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Privacy Surgeon launches EU initiative to accelerate class action claims for breaches of privacy and data protection

By Simon Davies

The Privacy Surgeon has launched an EU-wide initiative to massively increase the number of class action legal claims against governments, security services and corporations. The aim of this ambitious exercise is to force greater accountability from such organisations by supporting anyone in Europe to participate in litigation.

The concept of class action suits – particularly in the areas of privacy, surveillance and data protection – has not been adequately explored in Europe. I believe the legal landscape has now shifted to the point where the time is right for such an initiative.

Class action suits are common in the United States, but less so in Europe. In this type of legal action, a person may initiate a case on behalf of an indefinite number of named (or even unnamed) people who have been affected by a wrongdoing. There are many such scenarios. One obvious case is where an organisation has been responsible for a data breach. Another would be where a court decides that a government agency has breached privacy rules.

The aim of this ambitious exercise is to force greater accountability from such organisations by supporting anyone in Europe to participate in litigation.

Unfortunately, this type of case is not recognised in some parts of Europe, for example in the United Kingdom, where such actions fell into disuse in the 19th century. However other EU countries have recently recognised the right of class action. Belgium and France have in recent years strengthened the right of citizens to bring class actions. Other countries such as Austria have taken a different route by empowering consumer organisations to bring such claims. Sadly, the laws of some countries restrict this type of action to consumer claims against companies. Actions against governments are not always possible.

However it is the Netherlands that offers the most promising chance to accelerate mass actions against both the state and the private sector.

Dutch law now explicitly facilitates collective action for declaratory and injunctive relief (though there is a Bill pending in the Dutch lower house that would allow actual damages to be awarded). The current “WCAM” (collective settlement) procedure offers an effective route to work towards a class settlement. Importantly, a 2012 decision by the Dutch High Court clarifies that the involvement of non-Dutch persons does not necessarily stand in the way of such a collective action.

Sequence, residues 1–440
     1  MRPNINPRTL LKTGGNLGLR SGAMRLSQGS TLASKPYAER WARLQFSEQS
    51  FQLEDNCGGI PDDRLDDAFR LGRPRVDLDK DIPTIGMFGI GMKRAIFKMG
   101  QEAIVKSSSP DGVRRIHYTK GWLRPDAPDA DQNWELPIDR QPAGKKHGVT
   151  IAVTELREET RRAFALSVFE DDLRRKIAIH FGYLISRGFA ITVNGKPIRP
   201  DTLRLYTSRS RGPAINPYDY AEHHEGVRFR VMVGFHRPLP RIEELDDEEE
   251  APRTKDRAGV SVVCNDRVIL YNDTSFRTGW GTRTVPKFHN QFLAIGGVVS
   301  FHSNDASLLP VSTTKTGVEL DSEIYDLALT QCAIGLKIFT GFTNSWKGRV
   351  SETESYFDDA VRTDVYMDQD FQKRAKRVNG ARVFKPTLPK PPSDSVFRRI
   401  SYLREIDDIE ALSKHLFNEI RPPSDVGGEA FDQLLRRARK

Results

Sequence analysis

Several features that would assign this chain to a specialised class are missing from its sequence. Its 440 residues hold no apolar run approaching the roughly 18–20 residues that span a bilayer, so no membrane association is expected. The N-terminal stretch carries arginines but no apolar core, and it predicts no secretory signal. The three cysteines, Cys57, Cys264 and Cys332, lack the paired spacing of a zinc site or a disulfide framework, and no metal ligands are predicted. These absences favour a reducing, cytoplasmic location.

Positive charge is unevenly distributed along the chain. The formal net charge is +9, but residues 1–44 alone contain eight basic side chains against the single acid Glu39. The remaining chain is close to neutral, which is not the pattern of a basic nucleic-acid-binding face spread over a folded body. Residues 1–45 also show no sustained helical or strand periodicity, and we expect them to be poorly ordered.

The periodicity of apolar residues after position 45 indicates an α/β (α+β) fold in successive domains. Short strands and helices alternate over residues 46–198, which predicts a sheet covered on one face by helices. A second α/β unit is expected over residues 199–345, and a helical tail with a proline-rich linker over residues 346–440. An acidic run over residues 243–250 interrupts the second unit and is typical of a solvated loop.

This means that – provided there are some affected Dutch citizens in the claim – anyone in Europe (and possibly even outside Europe) can be part of a class action through the Dutch courts. It is also possible – though yet to be tested – that Belgian courts would also agree to consider complaints by non-Belgian claimants.

This right is – relatively speaking – still in its infancy, but it provides a very strong basis to move class actions forward by several leagues. The law is, however, quite strict in terms of the nature of any organisation that brings such a claim. That is why a specialist non-profit foundation (a “Stitchting”) must be created. That is precisely what we intend to achieve over the coming two months.

The potential scale of this action cannot easily be overstated. Every day – somewhere in Europe – a data protection regulator, a national court, a surveillance tribunal or a police authority makes an adverse decision regarding intrusion. And all those decisions – where they affect people across Europe and the world – can be used as the basis for a class action. Now that organisations overwhelmingly reach a global customer base, the potential for mass action is greater now than ever.

The new foundation will have several core aims, including:

  • Promoting the concept of class actions;

  • Identifying potential opportunities for litigation;

  • Working with civil society to identify claimants;

  • Bringing actions before Dutch courts on behalf of all EU persons and potentially claimants worldwide;

  • Facilitating actions in non-Dutch countries in order to test national law

Working with civil society will be crucial. A strong network of NGO’s operating in many jurisdictions and disciplines will magnify the chances of success for all actions.

I will report back on these pages when the details of the foundation – and that of its directors and advisers – have been agreed. In the meantime, readers who are interested in this project are welcome to contact us.